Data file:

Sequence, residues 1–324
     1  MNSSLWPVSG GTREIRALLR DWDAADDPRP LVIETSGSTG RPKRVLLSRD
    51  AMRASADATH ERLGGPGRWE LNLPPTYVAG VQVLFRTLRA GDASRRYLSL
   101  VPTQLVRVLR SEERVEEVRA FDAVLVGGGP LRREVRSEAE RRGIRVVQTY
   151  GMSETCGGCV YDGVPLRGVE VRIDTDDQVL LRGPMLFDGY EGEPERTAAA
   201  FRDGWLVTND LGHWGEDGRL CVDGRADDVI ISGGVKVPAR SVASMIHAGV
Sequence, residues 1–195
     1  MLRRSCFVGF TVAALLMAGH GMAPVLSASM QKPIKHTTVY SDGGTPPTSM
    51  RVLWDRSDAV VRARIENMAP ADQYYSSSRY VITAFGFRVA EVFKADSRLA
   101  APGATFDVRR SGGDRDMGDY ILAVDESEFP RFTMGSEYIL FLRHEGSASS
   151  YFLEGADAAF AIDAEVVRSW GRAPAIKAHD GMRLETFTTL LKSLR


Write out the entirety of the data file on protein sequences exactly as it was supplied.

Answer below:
Sequence, residues 1–324
     1  MNSSLWPVSG GTREIRALLR DWDAADDPRP LVIETSGSTG RPKRVLLSRD
    51  AMRASADATH ERLGGPGRWE LNLPPTYVAG VQVLFRTLRA GDASRRYLSL
   101  VPTQLVRVLR SEERVEEVRA FDAVLVGGGP LRREVRSEAE RRGIRVVQTY
   151  GMSETCGGCV YDGVPLRGVE VRIDTDDQVL LRGPMLFDGY EGEPERTAAA
   201  FRDGWLVTND LGHWGEDGRL CVDGRADDVI ISGGVKVPAR SVASMIHAGV
Sequence, residues 1–195
     1  MLRRSCFVGF TVAALLMAGH GMAPVLSASM QKPIKHTTVY SDGGTPPTSM
    51  RVLWDRSDAV VRARIENMAP ADQYYSSSRY VITAFGFRVA EVFKADSRLA
   101  APGATFDVRR SGGDRDMGDY ILAVDESEFP RFTMGSEYIL FLRHEGSASS
   151  YFLEGADAAF AIDAEVVRSW GRAPAIKAHD GMRLETFTTL LKSLR